Wilkinson also provides an insightful sketch of Pentecostalism's brief, dizzyingly eventful history. This includes a succinct discussion of the Azusa Street Revival. Taking place in Los Angeles between 1906 and 1909 under the charismatic auspices of the African American preacher William J. Seymour, the revival, in conjunction with a contemporaneous surge in evangelical enthusiasm experienced in such wildly disparate locales as Wales and India, played an instrumental role in the crystallization of Pentecostal Christianity. However, lively depiction of the denomination's foundational epoch notwithstanding, The Spirit Said Go offers precious little in the way of historical context. One wonders how contemporary Canadian Pentecostalism compares with other transnational evangelical movements that have altered the tenor of British North American and Canadian Christianity. How, for instance, does contemporary Canadian Pentecostalism measure up to, say, the late eighteenth-century "New Light" itinerancy of the New England-born Henry Alline; to the evangelical Presbyterianism imported from Scotland that galvanized much of nineteenth-century Cape Breton; or, more recently, to the American-inspired fundamentalism espoused by Thomas Todhunter Shields and William "Bible Bill" Aberhart, which figured prominently in the formulation of a socially and doctrinally conservative Christian culture in both central and western Canada? Are there meaningful parallels that unite these various movements, or are they, in fact, products of wholly unique cultural, political, and economic milieus, bearing at most a superficial resemblance to one another? Historically inclined readers may lament the short shrift that such questions receive. Given Wilkinson's expressly sociological background, methodology, and orientation, though, it would be ungenerous to carp about such shortcomings.
A more reasonable criticism is that Wilkinson might have gone a good deal further in exploring the substance of Pentecostalism's emotional appeal. Since at least the publication of S. D. Clark's pathbreaking Church and Sect in Canada in 1948, it has been commonplace for historians of Christianity in this country to assert that evangelicalism typically finds a receptive audience among the afflicted, displaced, and disconsolate. Wilkinson's work seems to bear out such an interpretation. Many of the respondents surveyed in researching the book had emigrated from such countries as Sri Lanka and Ethiopia, which have been beset in recent decades by violence and civil strife. In addition, four of the six immigrant Pentecostal congregations studied by Wilkinson did not have a single member reporting a yearly household income that exceeded fifty thousand dollars, and not one congregation had more than 11 percent of its members living in households whose aggregate annual earnings surpassed such a mark. Presumably, then, unfavorable economic circumstances are, in many instances, compounding the difficulties that many of these newcomers have been forced to endure. What is it about emotionally unbridled evangelicalism--and, in this particular case, Pentecostalism--that is so appealing to communities, such as the vulnerable, hardscrabble lot studied by Wilkinson? One could be forgiven for inferring that its unambiguous emphasis on sinfulness, struggle, and eventual redemption offers a refreshing, cathartic respite from the all-too-trying realities of everyday life. Regrettably, however, Wilkinson neglects to fully investigate such possibilities, leaving the reader to speculate as to why these groups find so much solace in Pentecostal doctrine and liturgy.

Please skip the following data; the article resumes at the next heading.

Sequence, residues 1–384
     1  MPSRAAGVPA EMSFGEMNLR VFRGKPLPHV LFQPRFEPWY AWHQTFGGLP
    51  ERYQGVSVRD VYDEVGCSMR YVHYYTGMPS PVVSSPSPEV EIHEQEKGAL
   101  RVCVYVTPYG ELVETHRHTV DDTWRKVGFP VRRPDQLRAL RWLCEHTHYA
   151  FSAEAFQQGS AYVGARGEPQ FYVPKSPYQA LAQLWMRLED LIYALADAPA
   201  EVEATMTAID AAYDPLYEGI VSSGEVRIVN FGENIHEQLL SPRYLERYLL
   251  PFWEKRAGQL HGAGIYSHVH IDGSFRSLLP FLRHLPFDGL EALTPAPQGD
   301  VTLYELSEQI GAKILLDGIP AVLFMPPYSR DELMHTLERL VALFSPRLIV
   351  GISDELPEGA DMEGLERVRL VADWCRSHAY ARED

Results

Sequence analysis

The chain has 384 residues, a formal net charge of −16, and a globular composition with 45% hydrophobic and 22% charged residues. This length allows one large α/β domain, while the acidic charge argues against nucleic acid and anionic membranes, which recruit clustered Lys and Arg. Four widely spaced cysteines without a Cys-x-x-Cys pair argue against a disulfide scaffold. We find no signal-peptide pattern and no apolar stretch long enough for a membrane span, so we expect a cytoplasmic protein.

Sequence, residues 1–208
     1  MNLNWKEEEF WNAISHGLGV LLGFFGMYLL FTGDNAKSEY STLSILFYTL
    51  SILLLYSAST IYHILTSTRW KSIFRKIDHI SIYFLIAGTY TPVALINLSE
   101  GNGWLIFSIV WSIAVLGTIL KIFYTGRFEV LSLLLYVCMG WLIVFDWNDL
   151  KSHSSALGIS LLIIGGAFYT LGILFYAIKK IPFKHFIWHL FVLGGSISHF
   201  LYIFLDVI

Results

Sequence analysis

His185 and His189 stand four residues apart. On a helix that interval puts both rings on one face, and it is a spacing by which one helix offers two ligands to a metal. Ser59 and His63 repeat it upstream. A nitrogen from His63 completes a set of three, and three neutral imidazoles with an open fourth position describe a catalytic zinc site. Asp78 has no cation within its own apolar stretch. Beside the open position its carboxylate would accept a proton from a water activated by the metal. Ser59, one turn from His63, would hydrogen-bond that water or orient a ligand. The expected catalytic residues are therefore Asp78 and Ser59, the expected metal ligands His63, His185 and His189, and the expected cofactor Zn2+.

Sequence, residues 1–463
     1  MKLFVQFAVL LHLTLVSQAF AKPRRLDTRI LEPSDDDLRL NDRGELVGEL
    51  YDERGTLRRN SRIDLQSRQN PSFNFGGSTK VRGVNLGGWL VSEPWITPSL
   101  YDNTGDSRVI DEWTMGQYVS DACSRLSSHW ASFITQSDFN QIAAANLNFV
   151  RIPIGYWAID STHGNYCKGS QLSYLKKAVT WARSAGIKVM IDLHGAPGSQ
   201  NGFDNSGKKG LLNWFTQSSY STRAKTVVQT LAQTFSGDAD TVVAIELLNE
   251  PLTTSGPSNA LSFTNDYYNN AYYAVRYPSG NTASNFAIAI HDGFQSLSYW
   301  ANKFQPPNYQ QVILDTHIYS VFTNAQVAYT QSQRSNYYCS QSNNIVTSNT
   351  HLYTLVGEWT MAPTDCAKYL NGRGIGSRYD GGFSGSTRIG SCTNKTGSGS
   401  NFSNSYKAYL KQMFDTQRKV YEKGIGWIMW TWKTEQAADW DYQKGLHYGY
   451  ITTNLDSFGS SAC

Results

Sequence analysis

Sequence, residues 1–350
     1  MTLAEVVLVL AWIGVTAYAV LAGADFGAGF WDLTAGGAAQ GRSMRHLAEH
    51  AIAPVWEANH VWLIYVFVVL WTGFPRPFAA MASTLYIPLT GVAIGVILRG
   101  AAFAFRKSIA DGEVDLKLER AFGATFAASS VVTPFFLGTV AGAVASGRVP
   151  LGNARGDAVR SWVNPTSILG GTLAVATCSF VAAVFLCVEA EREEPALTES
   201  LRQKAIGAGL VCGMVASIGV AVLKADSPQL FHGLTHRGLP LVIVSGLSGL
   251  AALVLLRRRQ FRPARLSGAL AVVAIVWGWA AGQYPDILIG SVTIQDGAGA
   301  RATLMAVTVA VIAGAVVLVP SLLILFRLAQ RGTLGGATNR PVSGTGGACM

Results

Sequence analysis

Despite this gripe, Wilkinson's is a learned, eminently perceptive examination of the countless ways in which global migratory patterns are transforming the culture of Canadian Pentecostalism. Readers interested in contemporary trends in transnational migration, Canadian Christianity, and especially Canadian evangelicalism will find that the time that they devote to this book will be handsomely repaid. Ultimately, Wilkinson's thoughtful, balanced account accords well with John G. Stackhouse's assertion regarding the wider Canadian evangelical community--namely, that rather than being an obscure sect or a wacky American outgrowth, it can more accurately be viewed as a multifaceted, increasingly sophisticated religious community that merits "a serious look" from scholars and mainstream society alike.
. Allan Anderson, "The Pentecostal and Charismatic Movements," in The Cambridge History of Christianity: World Christianities c. 1914-c. 2000, vol. 9, ed. Hugh McLeod (New York: Cambridge University Press, 2006), 89-106, esp. 106.
. John G. Stackhouse Jr., Canadian Evangelicalism in the Twentieth Century: An Introduction to Its Character (Toronto: University of Toronto Press, 1993), 204.
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Denis McKim. Review of Wilkinson, Michael, The Spirit Said Go: Pentecostal Immigrants in Canada.